One notable exception is the London Borough of Newham, which in response to the growing number of “beds in sheds”, and persistent reports of anti-social behaviour associated with privately-rented housing, has introduced a boroughwide licensing scheme and increased the number of Environmental Health Officers. Save the Children believes that other authorities should follow Newham’s example, at least in licensing in those parts of their areas experiencing similar problems. We are very encouraged that Liverpool has just announced its intention to do so.

More broadly, we think the time has now come to require more of private landlords, particularly those in receipt of public subsidy. Given the growing use of the PRS to prevent homelessness and accommodate those on low incomes, local, regional and central government must do more to raise both physical and management standards. One idea that bears serious consideration, for example, is that accommodation on which Housing Benefit (HB)/Local Housing Allowance (LHA) is paid could be required to be brought up to the Decent Homes Standard within a given period.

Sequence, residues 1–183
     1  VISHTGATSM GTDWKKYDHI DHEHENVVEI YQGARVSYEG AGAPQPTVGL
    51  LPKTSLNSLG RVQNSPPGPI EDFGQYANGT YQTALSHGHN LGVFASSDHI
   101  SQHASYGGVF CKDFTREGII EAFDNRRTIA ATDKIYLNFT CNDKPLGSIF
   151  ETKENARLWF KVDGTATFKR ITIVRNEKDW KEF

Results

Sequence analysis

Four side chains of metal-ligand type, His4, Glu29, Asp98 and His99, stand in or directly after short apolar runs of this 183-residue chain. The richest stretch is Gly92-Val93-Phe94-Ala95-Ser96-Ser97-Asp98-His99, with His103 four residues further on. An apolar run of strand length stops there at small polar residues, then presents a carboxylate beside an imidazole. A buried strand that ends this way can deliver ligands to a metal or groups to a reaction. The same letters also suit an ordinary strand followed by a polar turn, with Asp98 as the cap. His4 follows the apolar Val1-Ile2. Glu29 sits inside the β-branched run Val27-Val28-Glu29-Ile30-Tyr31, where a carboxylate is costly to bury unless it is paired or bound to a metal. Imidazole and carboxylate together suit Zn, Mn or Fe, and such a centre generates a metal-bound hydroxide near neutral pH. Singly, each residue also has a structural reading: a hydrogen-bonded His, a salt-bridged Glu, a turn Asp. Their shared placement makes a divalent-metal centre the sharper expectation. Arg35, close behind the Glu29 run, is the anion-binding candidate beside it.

Similarly, all landlords/agents should be required to meet the “fit and proper” rules introduced by the Housing Act 2004 and utilised in the latest Homelessness (Suitability of Accommodation) regulations. The current situation of requiring landlords who house families to whom a legal duty has been formally accepted to meet that “fit and proper” test, while landlords who house families whose homelessness has been “prevented” do not, makes no sense. A national register of landlords would iron out those inconsistencies and help drive the minority of rogue landlords out of the market, which would be to the benefit of tenants and decent landlords alike. Legislation along these lines is being brought forward in Wales.

Levels of Rent within the Private Rented Sector

Including the possibility of rent control and the interaction between Housing Benefit and rents